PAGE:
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Central Coast growers support public-private partnership to solve real time problems in agriculture

(Contributed by Yuma Center of Excellence for Desert Agriculture — YCEDA)

August 28, 2018 – Yuma, Arizona

(Photo above: Tech in agriculture – Dr. Andrew French, USDA researcher at the Arid Land Agricultural Research Center, Maricopa, Ariz., studies field data gathered with a large aperture scintillometer which measures heat influx over large distances. Credit: YCEDA)

YCEDA: Tech helps farmers produce sustainable, safer food with less water

Technology has certainly revolutionized the communications process through computers, Smartphones, and other state-of-the-art devices. Meanwhile, tech and farmer ingenuity have helped the U.S. agricultural industry become a nearly $1 trillion sector (USDA).

Agriculture’s gains are also reflected in efficiency terms. In the early 1980s, one U.S. farmer produced enough food and fiber to feed and clothe about 28 people. Today, thanks largely to technology, one farmer feeds and clothes 165 people – a nearly seven-fold increase.

Across the U.S., several hundred different crops are grown by farmers from coast to coast. Among the many crops grown in California and Arizona include vegetables. This industry taps technology to tackle vegetable-growing challenges.

One group advancing AgTech is the Yuma Center of Excellence for Desert Agriculture (YCEDA) – desertagsolutions.org – based at Yuma, Ariz.

The Center is an innovative public-private partnership between the University of Arizona (UofA) and agricultural stakeholders from California and Arizona. The organization brings together scientific research and industry to develop solutions to bring value to YCEDA stakeholders by addressing ‘on-the-ground” needs of desert farming.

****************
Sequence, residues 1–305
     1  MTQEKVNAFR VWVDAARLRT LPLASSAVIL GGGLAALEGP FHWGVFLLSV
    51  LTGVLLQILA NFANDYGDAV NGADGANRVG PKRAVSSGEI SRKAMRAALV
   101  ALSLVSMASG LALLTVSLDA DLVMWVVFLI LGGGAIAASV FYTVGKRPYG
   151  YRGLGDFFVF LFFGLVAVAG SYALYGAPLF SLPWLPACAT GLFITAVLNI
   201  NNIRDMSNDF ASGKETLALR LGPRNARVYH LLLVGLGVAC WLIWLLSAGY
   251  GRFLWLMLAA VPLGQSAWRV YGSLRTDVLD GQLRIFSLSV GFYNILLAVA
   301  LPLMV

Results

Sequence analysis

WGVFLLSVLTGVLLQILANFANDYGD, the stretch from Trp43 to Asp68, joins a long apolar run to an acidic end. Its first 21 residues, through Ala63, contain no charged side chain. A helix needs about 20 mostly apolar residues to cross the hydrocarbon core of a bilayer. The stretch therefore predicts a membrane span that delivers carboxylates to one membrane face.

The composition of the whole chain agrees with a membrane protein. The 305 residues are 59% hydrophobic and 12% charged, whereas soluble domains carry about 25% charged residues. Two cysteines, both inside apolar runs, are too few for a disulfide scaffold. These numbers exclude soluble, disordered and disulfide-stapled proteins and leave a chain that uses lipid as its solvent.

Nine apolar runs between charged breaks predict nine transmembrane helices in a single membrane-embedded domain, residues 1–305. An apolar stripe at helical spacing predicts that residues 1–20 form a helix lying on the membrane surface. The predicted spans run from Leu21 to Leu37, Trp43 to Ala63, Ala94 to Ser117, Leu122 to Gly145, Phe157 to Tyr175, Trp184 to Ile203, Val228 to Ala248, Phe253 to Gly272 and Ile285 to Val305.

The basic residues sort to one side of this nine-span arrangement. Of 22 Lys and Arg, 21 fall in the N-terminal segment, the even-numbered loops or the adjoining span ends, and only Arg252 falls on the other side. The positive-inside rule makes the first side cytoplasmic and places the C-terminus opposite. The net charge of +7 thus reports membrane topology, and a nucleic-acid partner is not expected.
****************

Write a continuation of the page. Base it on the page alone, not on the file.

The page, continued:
“YCEDA is an excellent example of an effective and efficient public-private partnership that is helping solve real time problems in agriculture,” says John D’Arrigo, President, CEO, and Chairman of the Board of D’Arrigo Brothers Co. of California; a YCEDA stakeholder based at Salinas. He says, “YCEDA is a very worthwhile expenditure of my research dollars.”

Nearly two dozen stakeholders financially support YCEDA through tax deductible donations. These dollars help the Center build researcher alliances, initiate projects, and secure grant funding to maximize the organization’s work.

Vegetable demand

Why is finding answers quickly so important? There’s a huge consumer demand for vegetables each year and it needs to be filled safely and sustainably. About 90 percent of the nation’s supply of leafy greens are grown in California (summer) and Arizona (winter).

YCEDA Executive Director Paul Brierley shares this quote from UofA Economist George Frisvold, “California’s Salinas Valley and the greater Yuma area in Arizona and Southern California are to agriculture what the Silicon Valley is to computers and what Napa is to wine.”

Irrigation management

Pressing issues facing today’s vegetable farmers include maximizing crop yields and quality while improving water efficiency and soil health.

One large YCEDA research project aims to improve irrigation and soil salinity management in vegetables. Brierley says that’s important since too much salinity from water and salts already in the soil can lead to stunted plants and thus reduced yields, and other problems.

Researchers are tapping technology to determine the best amount of water to grow vegetables, plus how much water is needed to push soil salts away from the plant’s root zone.

“In addition to measuring plant evapotranspiration, we are gaining real time plant growth data from satellites,” Brierley says. “We will fly drones with special sensors to enhance data captured by satellite.”

Preventing E. coli

Front and center on YCEDA’s radar screen is the safety of leafy greens for consumers. Food safety is the No. 1 priority for leafy green vegetable farmers who work tirelessly daily to keep food safety threats, including the pathogen E. coli, out of farm fields.

Brierley says, “The Yuma Center is working to develop new E. coli technologies for the ‘tool box’ to improve (1) avoidance, (2) detection, (3) ‘kill step,’ and (4) trace back.”

Central Coast involvement

YCEDA is supported by proactive donors from California and Arizona. Those based on California’s Central Coast include Church Brothers Farms, D’Arrigo Brothers Co. of California, Duda Farm Fresh Foods, The Nunes Company-Foxy Vegetables, Ocean Mist Farms, Tanimura & Antle, and Taylor Farms.

Arizona supporters include Amigo Farms, Barkley Ag Enterprises LLC, Farm Credit Services Southwest, Four Little Devils Farms, Gila Valley Farms, Gowan Company, The Growers Company, JV Smith Companies, Keithly-Williams Seeds, Martori Farms, Mellon Farms, Pasquinelli Produce Co., Smith Farms Company of Yuma, SMT Farms & TFT Farms, and T&P Farms.

For more information, contact YCEDA’s Paul Brierley at PaulBrierley@email.arizona.edu or (928) 782-5873.

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